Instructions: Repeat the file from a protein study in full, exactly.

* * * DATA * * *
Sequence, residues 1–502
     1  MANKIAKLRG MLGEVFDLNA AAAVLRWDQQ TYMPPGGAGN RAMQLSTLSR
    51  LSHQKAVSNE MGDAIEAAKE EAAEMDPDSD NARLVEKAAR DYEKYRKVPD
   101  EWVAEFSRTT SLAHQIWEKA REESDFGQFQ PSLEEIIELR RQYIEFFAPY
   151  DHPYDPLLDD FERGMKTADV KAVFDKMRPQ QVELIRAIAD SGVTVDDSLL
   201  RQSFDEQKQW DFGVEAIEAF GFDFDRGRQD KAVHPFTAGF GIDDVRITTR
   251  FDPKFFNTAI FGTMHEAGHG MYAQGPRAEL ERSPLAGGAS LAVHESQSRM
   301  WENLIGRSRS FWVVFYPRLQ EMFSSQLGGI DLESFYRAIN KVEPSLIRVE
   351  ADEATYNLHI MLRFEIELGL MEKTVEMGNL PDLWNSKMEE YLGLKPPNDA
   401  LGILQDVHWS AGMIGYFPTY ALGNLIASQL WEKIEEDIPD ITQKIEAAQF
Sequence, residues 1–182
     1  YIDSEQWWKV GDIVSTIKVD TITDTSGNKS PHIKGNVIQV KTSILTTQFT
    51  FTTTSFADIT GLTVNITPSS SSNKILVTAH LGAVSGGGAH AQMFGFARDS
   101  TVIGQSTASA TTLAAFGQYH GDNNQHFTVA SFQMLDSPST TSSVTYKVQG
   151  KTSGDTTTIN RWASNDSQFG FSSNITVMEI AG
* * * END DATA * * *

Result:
Sequence, residues 1–502
     1  MANKIAKLRG MLGEVFDLNA AAAVLRWDQQ TYMPPGGAGN RAMQLSTLSR
    51  LSHQKAVSNE MGDAIEAAKE EAAEMDPDSD NARLVEKAAR DYEKYRKVPD
   101  EWVAEFSRTT SLAHQIWEKA REESDFGQFQ PSLEEIIELR RQYIEFFAPY
   151  DHPYDPLLDD FERGMKTADV KAVFDKMRPQ QVELIRAIAD SGVTVDDSLL
   201  RQSFDEQKQW DFGVEAIEAF GFDFDRGRQD KAVHPFTAGF GIDDVRITTR
   251  FDPKFFNTAI FGTMHEAGHG MYAQGPRAEL ERSPLAGGAS LAVHESQSRM
   301  WENLIGRSRS FWVVFYPRLQ EMFSSQLGGI DLESFYRAIN KVEPSLIRVE
   351  ADEATYNLHI MLRFEIELGL MEKTVEMGNL PDLWNSKMEE YLGLKPPNDA
   401  LGILQDVHWS AGMIGYFPTY ALGNLIASQL WEKIEEDIPD ITQKIEAAQF
Sequence, residues 1–182
     1  YIDSEQWWKV GDIVSTIKVD TITDTSGNKS PHIKGNVIQV KTSILTTQFT
    51  FTTTSFADIT GLTVNITPSS SSNKILVTAH LGAVSGGGAH AQMFGFARDS
   101  TVIGQSTASA TTLAAFGQYH GDNNQHFTVA SFQMLDSPST TSSVTYKVQG
   151  KTSGDTTTIN RWASNDSQFG FSSNITVMEI AG